DEFEND BLACKADORE CAYE
Belize is a “bucket list” destination for anglers from all over the world. The country is collectively home to some of the finest saltwater flats on the planet, from the northern waters of Ambergris Caye as far south as Placentia and Punta Gorda. Bonefish, permit, tarpon, snook, snapper, jacks, barracuda and numerous other species can be found throughout the waters of Belize’s coastline, in fisheries that range from skinny, white sand flats, to shallow-water lagoons, to some of the largest “classic-style” tarpon fisheries on the planet.
This diversity is one of the reasons anglers and conservationists are alarmed at the oncoming development of Blackadore Caye, a 104-acre island just 7.5 miles west of Ambergris Caye, into a high-end, exclusive “Restorative Island” eco-resort. Hollywood actor Leonardo DiCaprio purchased the island nearly a decade ago with a partner for $1.75 million, and now has announced plans to develop the island into a sprawling resort of villas, infinity pools, and recreation.
One chief cause of concern? The project blueprint shows those villas will lie over the water, not on the island itself. Blackadore rests in the newly-expanded Hol Chan Marine Reserve, raising concerns that despite ostensible plans to create artificial reefs to support the fishery, the resort’s encroachment into the water will have negative effects.
According to this January 15, 1016, article from the San Pedro Sun, the public review of the project’s Environmental Impact Assessment did not have a warm welcome. The paper notes: “On Thursday, January 14th, the Environmental Impact Assessment (EIA) was presented before the island community during its first public consultation. The proposed schematics for the island consist of only 41.4% of the land being developed, with 58.6% left untouched as a conservation zone. While the EIA seems to promote development in a sustainable manner, and offers great potential for Belize’s tourism industry, there is still skepticism over how environmentally friendly the construction will be, what the impacts will be on the neighboring marine environment and how it will affect local fishing guides who depend on the area for tourism based catch-and-release sport fishing.”
Defend Blackadore Caye, a group keeping track of the resort’s progress, released the following statement in early February: “Leonardo DiCaprio and his team of corporate “environmentalists” want to build overwater structures in a conservation zone designated to protect fly-fishing species, their nursing grounds, and in turn the livelihoods of fly-fishing guides who depend on the health of the area. This is not only an action in violation of Belizean law, but an action without regard for those fly-fishermen. The Environmental Impact Assessment for the project has only one sentence in 430+ pages which discusses fly-fishing. Unfortunately, the single sentence which writes that ‘a few’ fishermen use the area undermines the economic and cultural importance of the waters surrounding Blackadore.”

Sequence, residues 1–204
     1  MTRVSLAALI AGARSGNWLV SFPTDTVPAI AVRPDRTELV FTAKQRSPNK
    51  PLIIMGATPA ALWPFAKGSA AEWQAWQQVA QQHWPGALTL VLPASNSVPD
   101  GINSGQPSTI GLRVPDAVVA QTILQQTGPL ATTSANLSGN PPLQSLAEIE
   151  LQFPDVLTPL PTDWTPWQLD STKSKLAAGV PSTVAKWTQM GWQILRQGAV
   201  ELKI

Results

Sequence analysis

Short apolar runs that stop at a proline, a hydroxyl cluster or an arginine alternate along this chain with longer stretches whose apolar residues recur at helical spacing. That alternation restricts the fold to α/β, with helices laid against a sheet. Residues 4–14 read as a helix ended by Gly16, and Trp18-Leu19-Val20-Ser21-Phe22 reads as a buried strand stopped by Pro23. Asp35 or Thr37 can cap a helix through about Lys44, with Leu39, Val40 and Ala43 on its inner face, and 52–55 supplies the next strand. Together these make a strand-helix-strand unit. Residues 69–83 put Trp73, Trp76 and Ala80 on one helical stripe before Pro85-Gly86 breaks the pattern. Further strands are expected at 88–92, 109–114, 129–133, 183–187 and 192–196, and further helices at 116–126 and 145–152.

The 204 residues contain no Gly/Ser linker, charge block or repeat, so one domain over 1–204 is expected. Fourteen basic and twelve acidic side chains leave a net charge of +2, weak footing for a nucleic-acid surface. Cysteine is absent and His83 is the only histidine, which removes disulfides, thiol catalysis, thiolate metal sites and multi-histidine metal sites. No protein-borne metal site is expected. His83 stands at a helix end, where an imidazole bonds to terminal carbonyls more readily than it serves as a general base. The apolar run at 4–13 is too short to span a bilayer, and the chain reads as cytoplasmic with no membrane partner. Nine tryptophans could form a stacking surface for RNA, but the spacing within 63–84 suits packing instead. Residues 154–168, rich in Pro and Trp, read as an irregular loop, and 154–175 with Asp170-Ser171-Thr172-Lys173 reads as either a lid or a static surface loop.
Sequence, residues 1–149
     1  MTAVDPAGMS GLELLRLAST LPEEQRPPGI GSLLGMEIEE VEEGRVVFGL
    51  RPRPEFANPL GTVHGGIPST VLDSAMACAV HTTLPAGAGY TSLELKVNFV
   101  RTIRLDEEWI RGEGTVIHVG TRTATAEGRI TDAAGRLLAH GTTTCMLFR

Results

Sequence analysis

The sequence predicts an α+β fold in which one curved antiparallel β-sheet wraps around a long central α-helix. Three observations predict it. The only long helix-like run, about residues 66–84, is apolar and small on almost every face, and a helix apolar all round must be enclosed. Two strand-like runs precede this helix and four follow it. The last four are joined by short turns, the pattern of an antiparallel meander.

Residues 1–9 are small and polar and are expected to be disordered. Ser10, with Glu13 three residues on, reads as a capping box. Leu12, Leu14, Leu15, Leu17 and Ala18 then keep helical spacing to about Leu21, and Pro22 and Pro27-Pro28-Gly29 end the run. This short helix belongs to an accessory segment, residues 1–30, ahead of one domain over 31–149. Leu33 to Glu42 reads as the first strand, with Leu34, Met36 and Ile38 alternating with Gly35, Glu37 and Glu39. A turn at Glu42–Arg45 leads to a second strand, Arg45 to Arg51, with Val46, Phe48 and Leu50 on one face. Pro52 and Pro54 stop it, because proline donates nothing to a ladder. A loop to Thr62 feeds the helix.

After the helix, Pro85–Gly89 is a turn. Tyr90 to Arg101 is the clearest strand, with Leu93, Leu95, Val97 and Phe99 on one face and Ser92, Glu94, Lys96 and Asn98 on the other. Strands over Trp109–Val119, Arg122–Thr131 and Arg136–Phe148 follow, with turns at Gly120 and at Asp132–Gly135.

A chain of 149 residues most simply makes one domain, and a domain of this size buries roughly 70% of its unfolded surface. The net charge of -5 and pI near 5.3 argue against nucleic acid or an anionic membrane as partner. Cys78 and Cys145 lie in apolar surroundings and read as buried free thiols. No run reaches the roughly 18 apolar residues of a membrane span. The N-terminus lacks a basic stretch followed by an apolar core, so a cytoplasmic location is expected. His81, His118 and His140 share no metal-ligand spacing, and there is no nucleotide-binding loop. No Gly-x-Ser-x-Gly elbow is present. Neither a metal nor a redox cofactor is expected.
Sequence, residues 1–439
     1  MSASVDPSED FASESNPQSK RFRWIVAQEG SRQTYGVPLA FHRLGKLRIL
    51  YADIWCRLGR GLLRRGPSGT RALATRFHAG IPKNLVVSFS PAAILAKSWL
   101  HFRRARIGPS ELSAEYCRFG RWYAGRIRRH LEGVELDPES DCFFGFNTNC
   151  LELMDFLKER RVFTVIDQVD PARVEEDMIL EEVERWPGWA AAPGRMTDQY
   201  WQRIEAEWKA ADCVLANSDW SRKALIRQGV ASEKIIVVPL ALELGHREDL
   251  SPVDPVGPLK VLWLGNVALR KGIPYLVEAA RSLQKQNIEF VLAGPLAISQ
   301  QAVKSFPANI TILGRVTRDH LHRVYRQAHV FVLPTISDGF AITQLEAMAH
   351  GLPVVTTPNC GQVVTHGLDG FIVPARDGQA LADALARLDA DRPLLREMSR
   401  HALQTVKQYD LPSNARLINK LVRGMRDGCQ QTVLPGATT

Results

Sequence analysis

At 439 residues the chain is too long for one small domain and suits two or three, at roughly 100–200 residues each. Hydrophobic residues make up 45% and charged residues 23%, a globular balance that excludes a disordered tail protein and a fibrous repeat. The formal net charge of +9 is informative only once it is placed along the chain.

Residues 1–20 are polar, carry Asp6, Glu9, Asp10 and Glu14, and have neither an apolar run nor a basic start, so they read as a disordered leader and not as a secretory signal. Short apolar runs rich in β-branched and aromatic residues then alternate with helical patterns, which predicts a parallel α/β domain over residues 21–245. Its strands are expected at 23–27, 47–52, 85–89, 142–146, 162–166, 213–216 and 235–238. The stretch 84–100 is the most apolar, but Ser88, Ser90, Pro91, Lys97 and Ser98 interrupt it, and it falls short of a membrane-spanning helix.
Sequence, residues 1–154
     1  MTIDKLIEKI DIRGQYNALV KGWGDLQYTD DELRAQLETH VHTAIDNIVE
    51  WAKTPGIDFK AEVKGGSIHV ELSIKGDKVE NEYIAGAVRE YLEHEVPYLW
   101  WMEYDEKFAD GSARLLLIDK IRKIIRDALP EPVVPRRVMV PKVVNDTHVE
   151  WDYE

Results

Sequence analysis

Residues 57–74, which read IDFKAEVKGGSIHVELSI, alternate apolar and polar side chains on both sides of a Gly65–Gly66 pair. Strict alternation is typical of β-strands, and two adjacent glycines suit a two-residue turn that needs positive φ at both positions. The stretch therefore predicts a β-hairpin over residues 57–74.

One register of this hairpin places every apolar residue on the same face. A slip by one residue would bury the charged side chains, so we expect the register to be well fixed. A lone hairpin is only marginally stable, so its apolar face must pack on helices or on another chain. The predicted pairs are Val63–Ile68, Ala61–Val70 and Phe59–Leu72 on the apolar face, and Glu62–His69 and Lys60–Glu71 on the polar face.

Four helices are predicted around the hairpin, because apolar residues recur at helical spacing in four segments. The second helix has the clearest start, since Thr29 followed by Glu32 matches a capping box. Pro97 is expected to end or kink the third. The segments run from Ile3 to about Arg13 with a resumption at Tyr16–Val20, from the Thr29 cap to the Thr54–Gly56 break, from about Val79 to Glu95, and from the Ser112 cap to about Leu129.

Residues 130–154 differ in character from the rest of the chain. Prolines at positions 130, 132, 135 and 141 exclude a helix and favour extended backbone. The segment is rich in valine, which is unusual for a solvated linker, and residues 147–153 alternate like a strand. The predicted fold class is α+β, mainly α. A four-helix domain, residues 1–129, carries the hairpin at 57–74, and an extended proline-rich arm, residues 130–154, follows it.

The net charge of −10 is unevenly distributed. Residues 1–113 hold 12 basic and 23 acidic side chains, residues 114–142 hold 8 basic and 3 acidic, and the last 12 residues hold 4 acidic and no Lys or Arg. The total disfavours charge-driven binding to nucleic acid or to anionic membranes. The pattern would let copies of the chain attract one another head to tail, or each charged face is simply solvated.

The group continues, “While we are not opposed to the development on the island. We are extremely opposed to the proposal of over-the-water cabanas in our newly formed marine reserve (an extension of Hol Chan) specifically designated to protect the nursing grounds of fly-fishing species and fly-fishing areas. We are also opposed to their request to not have to abide by the Queen’s Land / Public Access Law which allows public access — namely it allows us to fish these important flats around Blackadore which our San Pedrano fishing guides have been doing since the mid-1970s.
Allowing any developer to take public water and use it to build for-profit private cabanas — especially in a marine reserve is an extremely dangerous precedent to set. Please help us continue to protect these beautiful flats and magnificent flats species for generations to come.”
Have an opinion? Want to make your voice heard? Defend Blackadore Caye has started a change.org petition titled “Blackadore Caye: Stop the Overwater Structures, Protect the Environment & Public Access.” The petition outlines the concerns of Belize locals, those in the angling community, and a crowd of concerned conservationists and anglers.